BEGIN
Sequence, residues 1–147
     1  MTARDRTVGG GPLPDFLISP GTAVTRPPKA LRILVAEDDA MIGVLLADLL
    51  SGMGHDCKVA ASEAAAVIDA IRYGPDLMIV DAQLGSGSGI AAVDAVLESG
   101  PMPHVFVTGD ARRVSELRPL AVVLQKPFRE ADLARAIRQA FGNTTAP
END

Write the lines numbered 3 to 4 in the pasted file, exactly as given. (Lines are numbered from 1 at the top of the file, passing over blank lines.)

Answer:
    51  SGMGHDCKVA ASEAAAVIDA IRYGPDLMIV DAQLGSGSGI AAVDAVLESG
   101  PMPHVFVTGD ARRVSELRPL AVVLQKPFRE ADLARAIRQA FGNTTAP